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Pakistan Hopes to Appease IMF With Tough New Budget

Pakistan's two-month-old government plans to slash petrol and diesel subsidies for a second time in a week in a bid to control the fiscal deficit and secure an IMF bailout.
Supporters of Pakistan's ousted PM Imran Khan take part in a protest rally in Islamabad. The IMF had asked Pakistan to address its elevated fiscal and current account deficits before releasing a bailout package. File photo: AFP.


Pakistan on Friday unveiled a budget that will raise taxes for the wealthy and privatise government assets as the cash-strapped South Asian country sought assurance from the International Monetary Fund (IMF) that it would approve a long-awaited bailout.

Finance Minister Miftah Ismail said on Friday the government would impose a supplementary tax on individuals with annual income of 30 million rupees ($150,000).

The nation of 220 million people is facing a balance of payments crisis, with foreign reserves falling below $10 billion, hardly enough for 45 days of imports, and a widening current account and ballooning fiscal deficits.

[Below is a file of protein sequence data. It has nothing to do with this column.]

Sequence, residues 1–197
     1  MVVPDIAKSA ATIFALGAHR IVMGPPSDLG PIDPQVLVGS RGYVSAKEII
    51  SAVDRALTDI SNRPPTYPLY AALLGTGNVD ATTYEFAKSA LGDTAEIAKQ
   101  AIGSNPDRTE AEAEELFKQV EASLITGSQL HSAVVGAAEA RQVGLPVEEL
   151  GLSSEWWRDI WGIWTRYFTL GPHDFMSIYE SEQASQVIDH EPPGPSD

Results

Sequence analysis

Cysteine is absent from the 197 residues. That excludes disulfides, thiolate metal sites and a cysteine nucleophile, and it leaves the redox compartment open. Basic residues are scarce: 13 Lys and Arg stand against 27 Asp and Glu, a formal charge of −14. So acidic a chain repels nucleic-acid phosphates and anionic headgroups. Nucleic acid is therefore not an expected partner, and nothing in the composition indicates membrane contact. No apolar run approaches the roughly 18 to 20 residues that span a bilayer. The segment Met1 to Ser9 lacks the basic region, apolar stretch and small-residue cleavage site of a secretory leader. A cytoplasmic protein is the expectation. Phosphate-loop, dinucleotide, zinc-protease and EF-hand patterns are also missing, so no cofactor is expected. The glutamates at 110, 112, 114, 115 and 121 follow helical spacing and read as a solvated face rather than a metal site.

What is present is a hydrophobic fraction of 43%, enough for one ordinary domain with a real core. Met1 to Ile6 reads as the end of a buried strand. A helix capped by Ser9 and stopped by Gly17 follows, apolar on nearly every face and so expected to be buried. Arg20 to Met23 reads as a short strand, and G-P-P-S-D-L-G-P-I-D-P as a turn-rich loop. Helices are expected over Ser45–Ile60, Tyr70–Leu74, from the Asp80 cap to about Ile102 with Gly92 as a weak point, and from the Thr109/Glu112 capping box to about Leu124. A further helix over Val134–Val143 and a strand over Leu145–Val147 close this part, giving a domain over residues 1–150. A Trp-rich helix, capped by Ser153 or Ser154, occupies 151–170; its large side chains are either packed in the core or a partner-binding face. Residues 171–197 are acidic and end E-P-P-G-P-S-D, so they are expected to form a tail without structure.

He said the government would target raising 96 billion rupees from privatisation. In the current fiscal year the government did not raise any funds from privatisation.

Ismail put a ban on government officials from buying new cars for personal and official use to reduce fuel consumption. “We have started difficult decisions… but it is not the end of taking difficult decisions,” he said.

The IMF had asked Pakistan to address its elevated fiscal and current account deficits before releasing a bailout package.

Islamabad, the fund said, had deviated from policies agreed in the last review under the multilateral agency’s Extended Fund Facility programme.

It is unclear when the IMF would clear the release of over $900 million under its $6 billion, 39-month programme.

Ismail said the government would implement anti-tax evasion measures that would help increase revenue by 20% to 7 trillion rupees and bring down the deficit.

The government would target a fiscal deficit of 4.9% of gross domestic output, sharply lower from estimated 8.6% in the current year, Ismail said.

“The budget … is an attempt to satisfy IMF on key matters relating to revenue collection, subsidy reductions and attainment of fiscal discipline,” said Umair Naseer from Topline Research, a brokerage.


  • Reuters, with additional editing by George Russell


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George Russell

George Russell is a freelance writer and editor based in Hong Kong who has lived in Asia since 1996. His work has been published in the Financial Times, The Wall Street Journal, Bloomberg, New York Post, Variety, Forbes and the South China Morning Post.


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